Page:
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Timex/Sinclair peripherals
Timex/Sinclair, 1981-83

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 timex (1016,ts1016,2020,ts2020,2040,ts2040)

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Sinclair Research in the UK left it to others to produce - and profit from - popular add-ons such as joystick interfaces and data recorders. By contrast, its US partner Timex showed no such reluctance and produced an extensive range of add-ons for its range of Timex/Sinclair computers.

TS 1016

The TS 1016 is a 16K RAM expansion module, fitted externally to the TS 1000. It is basically a rebadged ZX81 RAM pack, working in exactly the same way as its UK equivalent - including the infamous RAM pack wobble which made the computer crash if it was so much as nudged. Timex experienced major problems in supplying the TS 1016, and was unable to make it available in any great numbers for two or three months after the launch of the TS 1000. This was very frustrating for the machine's owners. As the Wall Street Journal commented in an article of August 17, 1983, "many new owners would take the machine home without software, plug it in and find it didn't do anything useful" - hardly a surprise considering that little could be done with just a 1K memory.

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TS 1510

The TS 2068 was designed from the outset with a built-in cartridge slot. The TS 1000/1500 had no such capability; to provide it, Timex produced a plug-in cartridge interface, the TS 1510. Comparable to but not compatible with the Interface 2 from Sinclair Research, the TS 1510 met an equal lack of success, and only four cartridges were ever produced for it.

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TS 2020

The TS 2020 is simply a generic analogue cassette / data recorder badged with a Timex logo. It can be powered either by a 6V external power supply or four 1.5V batteries and is compatible with all of the TS computers.

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TS 2040

Another rebadged Sinclair Research product, the TS 2040 is the US version of the ZX Printer, usable by any of the TS computers. Like its UK equivalent, the TS 2040 is a thermal transfer printer. Using special paper coated with a layer of aluminium over a black backing, the printer works by pulsing current onto the paper via two styli that move across on a moving belt at high speed. It was a simple and inexpensive technology which produced fairly good results. At a time when conventional printers cost hundreds of dollars, the sub-$100 price of the TS 2040 was a major selling point. The only major downside is that it can only print onto the special metallised paper which it uses; unfortunately that paper is no longer readily available.

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TS 2050

The TS 2050 Telecommunications Modem was a product for which there was no UK Sinclair Research equivalent. It was designed neither by Timex nor Sinclair, but by a third-party US contractor, Westridge Communications, and, as usual, was rebadged as a Timex/Sinclair product. However, it very nearly did not get released at all. Originally scheduled for release in November 1983, Timex pulled out of the computer market before the first shipment had even arrived. Westridge was left with a large stock of unshipped modems; after a short delay, the company launched the TS 2050 under its own label as the Westridge 2050.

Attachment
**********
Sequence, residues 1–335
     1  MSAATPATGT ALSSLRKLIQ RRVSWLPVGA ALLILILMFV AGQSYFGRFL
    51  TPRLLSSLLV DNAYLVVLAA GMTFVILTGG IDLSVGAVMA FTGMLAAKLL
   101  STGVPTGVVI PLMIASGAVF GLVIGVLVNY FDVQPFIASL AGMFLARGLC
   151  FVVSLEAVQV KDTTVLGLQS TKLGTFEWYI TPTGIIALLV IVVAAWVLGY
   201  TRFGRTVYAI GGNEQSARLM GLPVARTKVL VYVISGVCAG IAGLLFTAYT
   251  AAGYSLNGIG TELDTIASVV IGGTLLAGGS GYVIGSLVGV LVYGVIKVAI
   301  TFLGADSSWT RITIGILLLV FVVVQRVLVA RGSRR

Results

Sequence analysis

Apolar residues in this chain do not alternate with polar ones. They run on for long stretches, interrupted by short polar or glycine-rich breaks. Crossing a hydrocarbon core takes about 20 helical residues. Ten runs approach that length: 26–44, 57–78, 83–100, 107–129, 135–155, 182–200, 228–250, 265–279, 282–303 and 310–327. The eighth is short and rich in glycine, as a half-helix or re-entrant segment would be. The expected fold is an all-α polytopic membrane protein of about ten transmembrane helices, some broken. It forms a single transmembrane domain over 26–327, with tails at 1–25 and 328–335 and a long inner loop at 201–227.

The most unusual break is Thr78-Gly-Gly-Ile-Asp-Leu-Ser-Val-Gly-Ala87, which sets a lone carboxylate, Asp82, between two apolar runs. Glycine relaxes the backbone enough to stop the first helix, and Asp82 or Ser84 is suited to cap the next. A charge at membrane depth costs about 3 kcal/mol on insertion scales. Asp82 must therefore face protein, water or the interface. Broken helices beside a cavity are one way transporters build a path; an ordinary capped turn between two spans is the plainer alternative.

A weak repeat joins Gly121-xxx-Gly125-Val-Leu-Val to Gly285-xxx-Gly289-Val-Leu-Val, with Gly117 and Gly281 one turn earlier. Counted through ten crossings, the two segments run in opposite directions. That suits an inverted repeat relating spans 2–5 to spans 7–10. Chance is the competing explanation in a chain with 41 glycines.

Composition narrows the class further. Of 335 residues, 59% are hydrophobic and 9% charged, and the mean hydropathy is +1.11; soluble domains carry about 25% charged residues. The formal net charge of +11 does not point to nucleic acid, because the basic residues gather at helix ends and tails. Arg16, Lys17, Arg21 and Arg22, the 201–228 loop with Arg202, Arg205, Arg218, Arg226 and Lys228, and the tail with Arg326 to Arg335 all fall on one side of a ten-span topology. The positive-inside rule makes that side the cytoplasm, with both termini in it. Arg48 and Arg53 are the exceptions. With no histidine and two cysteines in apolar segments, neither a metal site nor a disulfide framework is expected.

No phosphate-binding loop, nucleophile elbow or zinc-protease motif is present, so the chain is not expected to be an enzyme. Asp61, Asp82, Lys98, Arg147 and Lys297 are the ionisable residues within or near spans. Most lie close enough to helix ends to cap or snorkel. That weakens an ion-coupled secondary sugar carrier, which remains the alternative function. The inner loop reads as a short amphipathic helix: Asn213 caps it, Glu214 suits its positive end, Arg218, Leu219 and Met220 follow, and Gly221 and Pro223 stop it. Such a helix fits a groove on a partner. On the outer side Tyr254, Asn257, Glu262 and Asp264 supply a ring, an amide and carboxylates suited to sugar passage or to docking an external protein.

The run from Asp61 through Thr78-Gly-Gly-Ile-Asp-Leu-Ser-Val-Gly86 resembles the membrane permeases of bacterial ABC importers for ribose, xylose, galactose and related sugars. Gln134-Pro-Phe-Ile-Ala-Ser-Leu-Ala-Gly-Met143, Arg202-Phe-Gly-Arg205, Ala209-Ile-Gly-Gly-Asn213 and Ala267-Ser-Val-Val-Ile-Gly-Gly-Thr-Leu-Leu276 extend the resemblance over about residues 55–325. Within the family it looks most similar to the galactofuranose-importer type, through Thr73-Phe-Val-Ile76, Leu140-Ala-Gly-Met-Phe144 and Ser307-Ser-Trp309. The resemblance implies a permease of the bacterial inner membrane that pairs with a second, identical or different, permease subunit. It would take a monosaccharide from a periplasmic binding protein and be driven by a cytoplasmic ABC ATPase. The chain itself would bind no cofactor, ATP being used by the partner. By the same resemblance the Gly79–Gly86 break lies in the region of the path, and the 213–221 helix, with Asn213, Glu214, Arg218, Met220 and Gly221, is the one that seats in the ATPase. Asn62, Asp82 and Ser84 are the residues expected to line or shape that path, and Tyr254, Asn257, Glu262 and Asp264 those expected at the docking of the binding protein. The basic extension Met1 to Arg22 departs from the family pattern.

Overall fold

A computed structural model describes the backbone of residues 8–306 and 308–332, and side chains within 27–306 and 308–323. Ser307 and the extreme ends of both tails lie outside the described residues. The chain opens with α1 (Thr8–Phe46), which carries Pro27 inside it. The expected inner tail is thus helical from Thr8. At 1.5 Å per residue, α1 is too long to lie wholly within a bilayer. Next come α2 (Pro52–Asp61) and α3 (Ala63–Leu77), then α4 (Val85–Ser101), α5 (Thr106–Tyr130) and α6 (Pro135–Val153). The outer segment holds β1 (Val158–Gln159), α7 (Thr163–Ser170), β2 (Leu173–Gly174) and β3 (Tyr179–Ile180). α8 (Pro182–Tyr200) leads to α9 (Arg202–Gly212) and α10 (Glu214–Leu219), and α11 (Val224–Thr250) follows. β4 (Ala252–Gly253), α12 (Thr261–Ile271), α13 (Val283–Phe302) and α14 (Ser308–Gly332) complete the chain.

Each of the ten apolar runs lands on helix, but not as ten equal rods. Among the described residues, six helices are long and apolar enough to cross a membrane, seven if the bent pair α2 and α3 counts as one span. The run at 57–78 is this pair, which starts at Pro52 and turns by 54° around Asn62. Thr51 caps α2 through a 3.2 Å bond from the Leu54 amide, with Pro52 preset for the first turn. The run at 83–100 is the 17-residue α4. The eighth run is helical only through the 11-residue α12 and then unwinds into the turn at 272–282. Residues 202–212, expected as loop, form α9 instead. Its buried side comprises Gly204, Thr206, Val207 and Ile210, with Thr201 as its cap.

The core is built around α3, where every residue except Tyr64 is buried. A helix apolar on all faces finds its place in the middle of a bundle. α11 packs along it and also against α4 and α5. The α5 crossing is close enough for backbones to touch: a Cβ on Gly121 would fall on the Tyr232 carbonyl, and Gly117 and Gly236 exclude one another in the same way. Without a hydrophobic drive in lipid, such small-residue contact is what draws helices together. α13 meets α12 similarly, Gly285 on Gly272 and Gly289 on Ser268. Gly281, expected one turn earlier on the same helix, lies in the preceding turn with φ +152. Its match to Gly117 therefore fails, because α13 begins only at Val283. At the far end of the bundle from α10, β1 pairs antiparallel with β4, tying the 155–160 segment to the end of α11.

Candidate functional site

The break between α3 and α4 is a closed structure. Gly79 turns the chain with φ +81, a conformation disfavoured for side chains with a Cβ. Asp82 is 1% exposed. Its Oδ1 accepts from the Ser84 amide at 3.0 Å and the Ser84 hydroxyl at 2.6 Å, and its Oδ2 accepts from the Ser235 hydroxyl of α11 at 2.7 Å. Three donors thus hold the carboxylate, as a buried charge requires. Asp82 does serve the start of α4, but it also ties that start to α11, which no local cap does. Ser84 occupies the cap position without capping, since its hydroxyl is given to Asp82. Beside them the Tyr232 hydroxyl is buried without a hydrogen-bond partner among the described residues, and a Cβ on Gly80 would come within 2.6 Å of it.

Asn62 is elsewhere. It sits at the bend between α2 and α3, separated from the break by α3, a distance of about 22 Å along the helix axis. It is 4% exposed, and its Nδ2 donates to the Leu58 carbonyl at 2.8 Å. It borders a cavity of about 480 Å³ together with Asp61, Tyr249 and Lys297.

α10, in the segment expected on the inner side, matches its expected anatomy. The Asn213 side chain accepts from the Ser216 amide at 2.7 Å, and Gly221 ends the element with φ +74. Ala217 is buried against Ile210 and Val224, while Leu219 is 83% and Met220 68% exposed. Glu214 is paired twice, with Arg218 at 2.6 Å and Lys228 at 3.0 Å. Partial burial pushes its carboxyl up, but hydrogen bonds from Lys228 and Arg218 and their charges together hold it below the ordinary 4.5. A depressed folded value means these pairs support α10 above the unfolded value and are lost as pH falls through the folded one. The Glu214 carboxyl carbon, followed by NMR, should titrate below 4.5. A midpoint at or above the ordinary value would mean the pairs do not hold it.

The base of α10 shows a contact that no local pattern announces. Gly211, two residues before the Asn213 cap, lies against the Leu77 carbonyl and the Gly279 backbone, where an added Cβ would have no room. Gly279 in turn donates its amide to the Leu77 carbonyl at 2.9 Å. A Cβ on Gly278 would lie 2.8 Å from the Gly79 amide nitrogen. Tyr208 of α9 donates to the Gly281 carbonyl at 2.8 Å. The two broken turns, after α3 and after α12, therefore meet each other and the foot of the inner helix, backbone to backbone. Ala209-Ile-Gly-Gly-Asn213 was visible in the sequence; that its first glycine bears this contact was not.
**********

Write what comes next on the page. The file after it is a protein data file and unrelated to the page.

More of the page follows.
The modem is compatible with the TS 1000/1500 and TS 2068. It uses the 8251 UART chip, and is capable of 300 baud. A simple modification which bypassed the analog modem portion on the unit permitted it to function as an RS-232 port that could accept a faster modem, as well as other serial devices. The modem connects directly to a telephone socket and also has a phone jack built in to permit the user to connect a telephone to the modem.

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TS 2060

Had Timex's computer business survived, the capabilities of the TS 2068 would have been greatly enhanced with the release of the TS 2060 Bus Expansion Unit. This was a complete expansion system (shown above with a TS 2068 and the full range of TS peripherals plugged in). It allowed the TS 2068 to be expanded to a remarkable 16 Mb of RAM, in addition to providing serial (RS232) and Centronic (parallel) ports, a disk interface and RGB monitor output. However, the demise of Timex meant that the device did not develop beyond the prototype stage and the TS 2060 was never released.

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TS 2065

The TS 2065 was Timex's version of the Sinclair Research Microdrive - a "stringy floppy" mass storage device capable of storing about 85K of data on a tiny cassette cartridge containing an infinite loop of tape. As usual with Timex, the device was essentially the same as its UK equivalent but repackaged in a different case. However, the TS 2065 was never released.

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TS 2080

The TS 2080 is actually a Tally Spirit 80, an Epson MX-80-compatible 9-pin dot matrix printer which was rebadged as a Timex/Sinclair product. It was a robust and durable product, so much so that consumables manufacturers still support the printer to this day.

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TS 2090

By far the rarest of the Timex/Sinclair products, the TS 2090 is an unusual digital joystick for games and graphic applications. The device, designed to be used with the TS 2068, is held in the hand and has a thumb-operated fire button.

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Chris Owen 1994-2003